[Exeunt.

SCENE III.

A Hall in the Castle.

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Enter OTHELLO, DESDEMONA, Gassio, and At

tendants. Oth. Good Michael, look you to the guard to

night : Let's teach ourselves that honourable stop, Not to out-sport discretion.

Cas. Iago hath direction what to do;

7 Entire.

8 Rooms, or places in the castle.

But, notwithstanding, with my personal eye
Will I look to't.
Oth.

Iago is most honest.
Michael, good night: To-morrow, with our earliest,
Let me have speech with you.-Come, my dear love,
The purchase made, the fruits are to ensue ;

[To DESDEMONA. That profit's yet to come 'twix me and you.Good night.

[Exeunt Orh. Des. and Attend.

Enter IAGO.

Cas. Welcome, Iago: We must to the watch.

Iago. Not this hour, lieutenant; 'tis not yet ten o'clock: Our general cast' us thus early, for the love of his Desdemona; whom let us not therefore blame; he hath not yet made wanton the night with her: and she is sport for Jove.

Cas. She's a most exquisite lady.
Iago. And, I'll warrant her, full of game.

Cas. Indeed, she is a most fresh and delicate creature.

Iago. What an eye she has ! methinks it sounds a parley of provocation.

Cas. An inviting eye; and yet methinks right modest.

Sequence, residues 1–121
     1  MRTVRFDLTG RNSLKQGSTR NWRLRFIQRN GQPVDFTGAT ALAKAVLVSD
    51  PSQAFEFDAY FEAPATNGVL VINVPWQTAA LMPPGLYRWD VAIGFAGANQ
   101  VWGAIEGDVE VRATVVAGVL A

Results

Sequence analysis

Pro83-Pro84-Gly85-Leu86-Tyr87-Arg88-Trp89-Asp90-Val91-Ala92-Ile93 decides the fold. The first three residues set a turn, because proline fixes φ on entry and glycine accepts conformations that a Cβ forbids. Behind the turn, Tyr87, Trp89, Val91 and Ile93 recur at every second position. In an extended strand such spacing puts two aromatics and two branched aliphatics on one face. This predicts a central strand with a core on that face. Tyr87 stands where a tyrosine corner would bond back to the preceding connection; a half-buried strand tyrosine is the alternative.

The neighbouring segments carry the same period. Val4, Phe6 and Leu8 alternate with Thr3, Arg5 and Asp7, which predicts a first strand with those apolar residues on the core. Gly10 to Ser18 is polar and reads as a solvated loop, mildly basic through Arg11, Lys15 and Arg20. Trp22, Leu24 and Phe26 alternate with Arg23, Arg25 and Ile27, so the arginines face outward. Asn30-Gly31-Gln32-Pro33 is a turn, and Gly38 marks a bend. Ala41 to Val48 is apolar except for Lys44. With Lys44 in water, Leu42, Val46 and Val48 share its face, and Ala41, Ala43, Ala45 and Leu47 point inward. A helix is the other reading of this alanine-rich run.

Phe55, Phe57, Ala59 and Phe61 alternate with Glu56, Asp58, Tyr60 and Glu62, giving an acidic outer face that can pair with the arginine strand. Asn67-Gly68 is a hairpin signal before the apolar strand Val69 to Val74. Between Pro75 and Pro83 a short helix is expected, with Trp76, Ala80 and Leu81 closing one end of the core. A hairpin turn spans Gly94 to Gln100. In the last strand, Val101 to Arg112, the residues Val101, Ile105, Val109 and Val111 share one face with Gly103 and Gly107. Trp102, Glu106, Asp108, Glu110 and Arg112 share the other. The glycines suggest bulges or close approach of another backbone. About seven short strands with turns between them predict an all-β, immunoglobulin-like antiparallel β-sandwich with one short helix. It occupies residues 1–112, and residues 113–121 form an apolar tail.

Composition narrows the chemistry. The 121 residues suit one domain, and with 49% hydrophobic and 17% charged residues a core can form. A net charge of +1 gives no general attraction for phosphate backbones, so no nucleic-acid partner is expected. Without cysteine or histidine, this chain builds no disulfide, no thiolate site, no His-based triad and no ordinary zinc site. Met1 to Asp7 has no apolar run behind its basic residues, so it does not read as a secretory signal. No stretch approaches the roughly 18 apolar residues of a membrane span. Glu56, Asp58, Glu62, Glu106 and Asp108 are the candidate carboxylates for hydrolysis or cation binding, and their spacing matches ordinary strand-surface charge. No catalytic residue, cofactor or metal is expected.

Tago. And, when she speaks, is it not an alarm to love?

Cas. She is, indeed, perfection.

Iago. Well, happiness to their sheets! Come, lieutenant, I have a stoop of wine; and here without

9 Dismissed.

are a brace of Cyprus gallants, that would fain have a measure to the health of the black Othello.

Cas. Not to-night, good Iago; I have very poor and unhappy brains for drinking: I could well wish courtesy would invent some other custom of entertainment.

Iago. O, they are our friends; but one cup; I'll drink for you.

Cas. I have drunk but one cup to-night, and that was craftily qualified' too, and, behold, what innovation it makes here: I am unfortunate in the infirmity, and dare not task my weakness with any

more.

Iago. What, man! 'tis a night of revels; the gallants desire it.

Cas. Where are they?
Iago. Here at the door; I pray you, call them in.
Cas. I'll do't; but it dislikes me. [Exit Cassio.

Iago. If I can fasten but one cup upon him,
With that which he hath drunk to-night already,
He'll be as full of quarrel and offence
As my young mistress' dog. Now, my sick fool,

Roderigo, Whom love has turn’d almost the wrong side outward, To Desdemona hath to-night carous'd Potations pottle deep; and he's to watch : Three lads of Cyprus,-noble swelling spirits, That hold their honours in a wary distance, The

very elements of this warlike isle, Have I to-night fluster'd with flowing cups,

· Slily mixed with water.